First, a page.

First use of FMV
Most Laserdiscs games use FMV and in fact are the ancestors to cd-rom FMV (with a good bunch of them being released as cd-roms or dvd-roms since) Cedric C.
The resurgence of live action
Many games now are coming out live action now again like command and conquer 3 and the new need for speed.Jamhaw 18:31, 29 January 2007 (UTC)jamhaw
Fair use rationale for Image:Final Fantasy VIII Ball Dance FMV.jpg
Image:Final Fantasy VIII Ball Dance FMV.jpg is being used on this article. I notice the image page specifies that the image is being used under fair use but there is no explanation or rationale as to why its use in this Wikipedia article constitutes fair use. In addition to the boilerplate fair use template, you must also write out on the image description page a specific explanation or rationale for why using this image in each article is consistent with fair use.
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interlaced black lines
I removed the phantasmagoria because when resized automatically it appears all dark, so dark that you can't see anything. It is not representative of the quality of videos since this artefact is introduced by the way the picture is resized. Actually, in full size it's much easier to see what's in the picture. I propose a fix: removing black lines or having a version with and without blacklines and appropriate notice.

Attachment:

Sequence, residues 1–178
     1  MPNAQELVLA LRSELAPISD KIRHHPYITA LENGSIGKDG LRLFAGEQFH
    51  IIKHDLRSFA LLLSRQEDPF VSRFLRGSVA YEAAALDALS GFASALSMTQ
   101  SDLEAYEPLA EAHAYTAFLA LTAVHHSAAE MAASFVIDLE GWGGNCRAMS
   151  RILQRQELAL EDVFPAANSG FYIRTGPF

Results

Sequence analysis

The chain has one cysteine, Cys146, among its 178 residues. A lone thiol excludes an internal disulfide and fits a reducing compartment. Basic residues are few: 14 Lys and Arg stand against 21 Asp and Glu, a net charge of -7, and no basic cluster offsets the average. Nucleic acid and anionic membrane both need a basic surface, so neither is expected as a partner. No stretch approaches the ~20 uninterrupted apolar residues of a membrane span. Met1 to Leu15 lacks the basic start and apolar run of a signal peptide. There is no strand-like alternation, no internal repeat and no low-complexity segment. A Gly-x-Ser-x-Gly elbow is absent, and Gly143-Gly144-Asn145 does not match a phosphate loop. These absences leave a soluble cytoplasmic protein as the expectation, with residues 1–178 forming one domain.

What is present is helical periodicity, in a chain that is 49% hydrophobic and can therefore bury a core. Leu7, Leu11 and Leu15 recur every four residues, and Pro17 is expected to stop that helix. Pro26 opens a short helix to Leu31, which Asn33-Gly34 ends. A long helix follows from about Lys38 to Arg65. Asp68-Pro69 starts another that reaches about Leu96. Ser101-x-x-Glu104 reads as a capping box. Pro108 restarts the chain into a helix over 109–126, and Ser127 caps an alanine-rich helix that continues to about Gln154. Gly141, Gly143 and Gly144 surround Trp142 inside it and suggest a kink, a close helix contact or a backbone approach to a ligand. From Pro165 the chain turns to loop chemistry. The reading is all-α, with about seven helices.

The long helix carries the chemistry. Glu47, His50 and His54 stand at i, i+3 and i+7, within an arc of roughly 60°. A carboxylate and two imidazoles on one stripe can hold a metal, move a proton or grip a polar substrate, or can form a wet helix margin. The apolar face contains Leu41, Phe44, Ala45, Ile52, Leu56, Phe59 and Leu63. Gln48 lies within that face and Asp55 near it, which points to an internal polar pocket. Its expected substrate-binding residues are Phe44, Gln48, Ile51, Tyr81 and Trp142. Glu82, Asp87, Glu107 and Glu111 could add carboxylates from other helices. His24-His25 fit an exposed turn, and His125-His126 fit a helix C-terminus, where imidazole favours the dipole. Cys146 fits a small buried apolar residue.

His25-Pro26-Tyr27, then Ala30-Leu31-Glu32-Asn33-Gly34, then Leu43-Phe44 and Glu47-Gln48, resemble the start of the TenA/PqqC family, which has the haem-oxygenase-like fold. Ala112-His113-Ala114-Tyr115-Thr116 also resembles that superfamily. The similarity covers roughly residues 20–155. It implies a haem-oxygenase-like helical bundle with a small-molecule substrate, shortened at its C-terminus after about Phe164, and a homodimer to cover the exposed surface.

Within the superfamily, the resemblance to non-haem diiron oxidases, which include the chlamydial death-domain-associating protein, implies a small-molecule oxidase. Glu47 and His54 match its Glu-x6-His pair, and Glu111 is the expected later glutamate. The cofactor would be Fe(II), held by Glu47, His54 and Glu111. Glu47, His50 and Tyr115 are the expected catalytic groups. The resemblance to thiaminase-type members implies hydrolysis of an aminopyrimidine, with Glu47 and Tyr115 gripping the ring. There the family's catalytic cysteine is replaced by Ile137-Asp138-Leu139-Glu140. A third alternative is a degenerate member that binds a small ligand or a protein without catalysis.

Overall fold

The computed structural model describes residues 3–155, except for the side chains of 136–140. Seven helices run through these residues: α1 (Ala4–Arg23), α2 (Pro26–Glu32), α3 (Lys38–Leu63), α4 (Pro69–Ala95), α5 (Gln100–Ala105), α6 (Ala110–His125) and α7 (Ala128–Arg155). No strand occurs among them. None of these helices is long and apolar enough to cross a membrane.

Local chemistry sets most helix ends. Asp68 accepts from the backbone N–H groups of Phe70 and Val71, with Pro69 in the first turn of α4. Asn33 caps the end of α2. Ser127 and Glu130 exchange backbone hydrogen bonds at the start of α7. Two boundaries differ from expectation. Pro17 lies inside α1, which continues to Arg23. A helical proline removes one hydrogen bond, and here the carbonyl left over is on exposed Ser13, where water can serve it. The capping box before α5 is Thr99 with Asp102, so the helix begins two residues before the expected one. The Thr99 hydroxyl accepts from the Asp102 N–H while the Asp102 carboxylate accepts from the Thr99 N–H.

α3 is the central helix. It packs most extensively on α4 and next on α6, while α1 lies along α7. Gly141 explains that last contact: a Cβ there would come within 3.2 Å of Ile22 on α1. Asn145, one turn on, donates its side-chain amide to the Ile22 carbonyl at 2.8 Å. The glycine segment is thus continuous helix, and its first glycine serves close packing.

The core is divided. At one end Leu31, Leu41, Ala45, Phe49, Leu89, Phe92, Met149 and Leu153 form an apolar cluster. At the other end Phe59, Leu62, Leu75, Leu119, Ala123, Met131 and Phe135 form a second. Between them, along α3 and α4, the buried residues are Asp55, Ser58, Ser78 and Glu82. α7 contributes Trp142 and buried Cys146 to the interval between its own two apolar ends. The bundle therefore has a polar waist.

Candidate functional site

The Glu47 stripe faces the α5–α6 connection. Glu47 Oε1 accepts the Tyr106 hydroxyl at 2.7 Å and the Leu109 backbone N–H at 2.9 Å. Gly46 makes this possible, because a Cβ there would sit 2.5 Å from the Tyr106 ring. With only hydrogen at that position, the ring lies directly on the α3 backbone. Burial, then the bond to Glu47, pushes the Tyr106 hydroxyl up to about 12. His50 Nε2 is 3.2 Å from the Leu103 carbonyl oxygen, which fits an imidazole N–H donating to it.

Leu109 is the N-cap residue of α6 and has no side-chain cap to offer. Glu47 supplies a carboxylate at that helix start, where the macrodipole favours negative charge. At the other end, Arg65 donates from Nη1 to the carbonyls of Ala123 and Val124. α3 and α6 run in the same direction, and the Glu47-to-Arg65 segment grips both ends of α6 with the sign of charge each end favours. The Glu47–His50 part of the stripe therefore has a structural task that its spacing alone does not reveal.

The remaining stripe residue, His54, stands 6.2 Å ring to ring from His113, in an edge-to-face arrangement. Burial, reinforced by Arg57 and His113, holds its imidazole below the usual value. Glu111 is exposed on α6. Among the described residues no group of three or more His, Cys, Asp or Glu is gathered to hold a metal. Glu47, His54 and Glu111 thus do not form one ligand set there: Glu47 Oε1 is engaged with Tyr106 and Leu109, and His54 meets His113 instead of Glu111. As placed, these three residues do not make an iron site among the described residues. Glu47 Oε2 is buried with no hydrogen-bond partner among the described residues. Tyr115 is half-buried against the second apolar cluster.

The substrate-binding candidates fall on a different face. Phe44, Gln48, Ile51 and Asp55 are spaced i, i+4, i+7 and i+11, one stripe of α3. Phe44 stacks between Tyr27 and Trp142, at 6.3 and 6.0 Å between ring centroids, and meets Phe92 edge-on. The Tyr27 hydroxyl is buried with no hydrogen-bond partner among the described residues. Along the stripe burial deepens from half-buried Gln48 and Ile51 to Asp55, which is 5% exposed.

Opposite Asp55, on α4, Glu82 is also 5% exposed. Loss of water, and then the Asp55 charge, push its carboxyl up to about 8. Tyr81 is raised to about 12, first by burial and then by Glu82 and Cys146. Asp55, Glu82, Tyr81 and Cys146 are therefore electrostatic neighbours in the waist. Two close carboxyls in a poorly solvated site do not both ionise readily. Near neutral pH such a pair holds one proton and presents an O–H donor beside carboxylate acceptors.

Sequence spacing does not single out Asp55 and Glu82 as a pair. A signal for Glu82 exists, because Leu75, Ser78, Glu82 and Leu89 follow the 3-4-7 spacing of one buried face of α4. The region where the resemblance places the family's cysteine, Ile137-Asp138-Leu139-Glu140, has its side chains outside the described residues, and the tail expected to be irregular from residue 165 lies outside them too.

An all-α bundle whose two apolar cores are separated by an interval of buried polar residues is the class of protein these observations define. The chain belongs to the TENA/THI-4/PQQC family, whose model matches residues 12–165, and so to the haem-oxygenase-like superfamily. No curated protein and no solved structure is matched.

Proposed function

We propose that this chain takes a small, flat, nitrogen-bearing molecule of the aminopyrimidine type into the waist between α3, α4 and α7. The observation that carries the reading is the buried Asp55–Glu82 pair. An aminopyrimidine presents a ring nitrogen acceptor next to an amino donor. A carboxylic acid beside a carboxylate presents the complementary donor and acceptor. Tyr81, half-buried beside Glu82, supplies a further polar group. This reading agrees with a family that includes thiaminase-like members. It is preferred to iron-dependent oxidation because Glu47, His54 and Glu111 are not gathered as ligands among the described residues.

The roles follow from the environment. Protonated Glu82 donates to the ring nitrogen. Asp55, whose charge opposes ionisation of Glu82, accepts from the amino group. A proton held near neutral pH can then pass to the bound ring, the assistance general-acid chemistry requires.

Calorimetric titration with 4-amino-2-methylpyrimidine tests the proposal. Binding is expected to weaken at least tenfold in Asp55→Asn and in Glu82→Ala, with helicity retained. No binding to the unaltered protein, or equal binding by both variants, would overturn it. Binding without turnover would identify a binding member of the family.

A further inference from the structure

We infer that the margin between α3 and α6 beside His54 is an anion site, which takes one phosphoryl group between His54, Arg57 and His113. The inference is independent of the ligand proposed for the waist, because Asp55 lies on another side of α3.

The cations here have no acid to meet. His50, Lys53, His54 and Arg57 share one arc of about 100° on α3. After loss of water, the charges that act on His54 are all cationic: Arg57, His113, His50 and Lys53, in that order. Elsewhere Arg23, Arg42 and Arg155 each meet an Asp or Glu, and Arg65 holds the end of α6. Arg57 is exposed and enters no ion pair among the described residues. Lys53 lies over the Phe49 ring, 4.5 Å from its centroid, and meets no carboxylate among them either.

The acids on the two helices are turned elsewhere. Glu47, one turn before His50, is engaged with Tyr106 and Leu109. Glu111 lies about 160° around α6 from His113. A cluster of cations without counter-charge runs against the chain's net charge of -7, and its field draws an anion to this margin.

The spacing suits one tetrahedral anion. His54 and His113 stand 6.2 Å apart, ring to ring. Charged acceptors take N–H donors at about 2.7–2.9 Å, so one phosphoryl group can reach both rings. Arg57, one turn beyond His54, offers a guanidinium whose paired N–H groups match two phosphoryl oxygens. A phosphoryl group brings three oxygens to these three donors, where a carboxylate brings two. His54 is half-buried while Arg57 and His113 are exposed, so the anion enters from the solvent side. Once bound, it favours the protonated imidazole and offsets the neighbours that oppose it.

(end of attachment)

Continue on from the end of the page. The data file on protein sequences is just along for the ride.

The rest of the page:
See: http://en.wikipedia.org/wiki/Image_talk:Phantasmagoria.png —Preceding unsigned comment added by 188.8.131.52 (talk) 12:45, 28 October 2008 (UTC)
List of FMVs
I'm not sure but isn't the list outdated? I think games that spawn from a franchise would be an FMVG (Spider-man, Ironman, Naruto etc)
Mystery Case Files.
This little PC-only game franchise has had FMV in 2 of it's games: 2008's "REturn to Ravenhearts" & 2009's "Dire Grove." —Preceding unsigned comment added by 184.108.40.206 (talk) 22:57, 14 January 2010 (UTC)
"These FMV games frequently used D-list (or worse) movie and TV actors and promised to create the experience of playing an interactive movie. However, production values were quite low with amateurish sets, lighting, costumes, and special effects."
While it's certainly true of several (okay, *many*) FMV games, there were a number of titles that had sizable budgets and decent production values, a few of which are still held in positive critical light to this day...the Tex Murphy series and some of Sierra Entertainment's efforts come to mind. FMV may not have been that successful, but this article subtly generalizes the whole movement as an amateurish disaster that had no redeeming qualities. Perhaps someone with a bit of expertise can make this page a bit more NPOV?
There's a section which says some shit about "used D-list actors (or worse)".
D-list itself isn't a widely used and definable term (who is B-list, C-list, D-list e.t.c.) but 'worse' especially is very much out of place, you can't objectively make a judgement of worse vs better; it ain't neutral to be saying this shit is better or worse than this shit.
It's clear enough what it's trying to say (obscure actors, or REALLY obscure actors) but it needs a new way of saying it. I cannot be arsed to think of a way, and especially can't be arsed to do it given I can see somebody taking exception with it and turning it into an edit war. Therefore, I'm just making the case and somebody else should do it.
thanks very much.
- Okay, now it says "Argentine and Brazilian" actors, and I'm having trouble figuring out where the hell they're getting this from, it's certainly not referenced. Also, why do people in this particular Talk page have so much trouble signing their messages? --220.127.116.11 (talk) 20:12, 31 October 2012 (UTC)